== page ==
To retrieve relevant information from EventKG, EventKG+TL adopts SPARQL queries. First, EventKG+TL retrieves the query entity , including its existence time, if available. Second, EventKG+TL retrieves a set of events that are connected to via an EventKG relation as the subject or the object, along with the time information associated with these events. Third, the interlinking information related to the events in is retrieved from EventKG’s link relations and their eventKG-s:links and eventKG-s:mentions property values.
3.0.3 Event Ranking and Timeline Creation
The top- events related to are selected according to the ranking criterion. For each event and language , the language-specific relevance score is computed using the interlinking information provided by EventKG. The following link counts are used:
: Event link count, i.e. the number of links pointing to the event in a language context (via eventKG-s:links).
: Pair count, i.e. the number of links from to plus the number of links from to in , denoted by eventKG-s:links values.
: Mention count, i.e. the number of sentences in a language context that jointly link to and , denoted by eventKG-s:mentions.
Each count is normalized to by dividing its value by the highest value of this count related to the events in in the respective language. That way, the bias resulting from the differences in the language-specific coverage is reduced. To avoid the domination of the disproportionately often linked events (e.g. the World War II), a smoothing parameter , experimentally set to , is adopted. The scores are computed as follows:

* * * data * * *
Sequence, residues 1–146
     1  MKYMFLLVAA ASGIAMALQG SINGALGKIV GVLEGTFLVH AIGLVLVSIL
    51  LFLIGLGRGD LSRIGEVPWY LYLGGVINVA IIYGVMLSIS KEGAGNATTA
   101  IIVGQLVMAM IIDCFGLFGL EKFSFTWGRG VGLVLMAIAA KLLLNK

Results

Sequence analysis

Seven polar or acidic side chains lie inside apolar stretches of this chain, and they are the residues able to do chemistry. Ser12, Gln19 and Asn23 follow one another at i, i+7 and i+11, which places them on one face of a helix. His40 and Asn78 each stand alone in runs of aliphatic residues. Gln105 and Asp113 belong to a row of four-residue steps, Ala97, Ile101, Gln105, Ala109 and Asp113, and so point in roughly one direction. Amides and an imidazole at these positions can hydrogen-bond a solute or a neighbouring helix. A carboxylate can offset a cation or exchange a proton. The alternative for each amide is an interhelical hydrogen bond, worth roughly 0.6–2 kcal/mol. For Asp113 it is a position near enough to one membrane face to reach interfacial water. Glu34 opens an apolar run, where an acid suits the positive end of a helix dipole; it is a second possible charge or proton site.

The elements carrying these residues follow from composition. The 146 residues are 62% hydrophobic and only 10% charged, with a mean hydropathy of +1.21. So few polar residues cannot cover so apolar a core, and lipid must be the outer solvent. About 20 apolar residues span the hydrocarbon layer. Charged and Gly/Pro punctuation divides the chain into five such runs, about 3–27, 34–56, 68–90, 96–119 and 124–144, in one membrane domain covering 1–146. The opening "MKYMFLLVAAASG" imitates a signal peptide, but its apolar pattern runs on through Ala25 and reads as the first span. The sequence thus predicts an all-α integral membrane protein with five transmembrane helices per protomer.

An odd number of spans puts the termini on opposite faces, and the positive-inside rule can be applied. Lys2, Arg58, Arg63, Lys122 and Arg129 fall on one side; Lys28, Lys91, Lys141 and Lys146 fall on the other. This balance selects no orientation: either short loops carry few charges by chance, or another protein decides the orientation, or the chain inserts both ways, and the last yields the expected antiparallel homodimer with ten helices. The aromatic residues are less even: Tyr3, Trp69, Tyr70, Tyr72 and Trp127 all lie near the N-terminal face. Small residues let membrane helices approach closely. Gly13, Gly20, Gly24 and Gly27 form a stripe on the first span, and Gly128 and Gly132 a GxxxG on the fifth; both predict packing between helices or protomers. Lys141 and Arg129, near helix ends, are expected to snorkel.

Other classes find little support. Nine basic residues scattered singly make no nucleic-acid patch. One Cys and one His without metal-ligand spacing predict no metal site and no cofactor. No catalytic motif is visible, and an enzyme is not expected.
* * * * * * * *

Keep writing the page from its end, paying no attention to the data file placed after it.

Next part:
The score () is computed as a linear combination of the two ranking criteria. We experimentally set its weight to .
The resulting timeline consists of a chronologically ordered list of the top- highest ranked events per language with respect to the ranking criterion.
3.0.4 System Implementation
In our demonstration we will primarily show how EventKG+TL works and how users can use it to create cross-lingual timelines. To highlight the advantages of our approach, we will ask our audience to create timelines for the entities and events of their choice using EventKG+TL based on the language-specific information contained in EventKG. Through the visual cross-lingual comparison provided by EventKG+TL, the audience can get an impression of the language-specific event representations, as well as their relation to the query entity and popularity in different language contexts.
This work was partially funded by the ERC (”ALEXANDRIA”, 339233) and BMBF (”Data4UrbanMobility”, 02K15A040).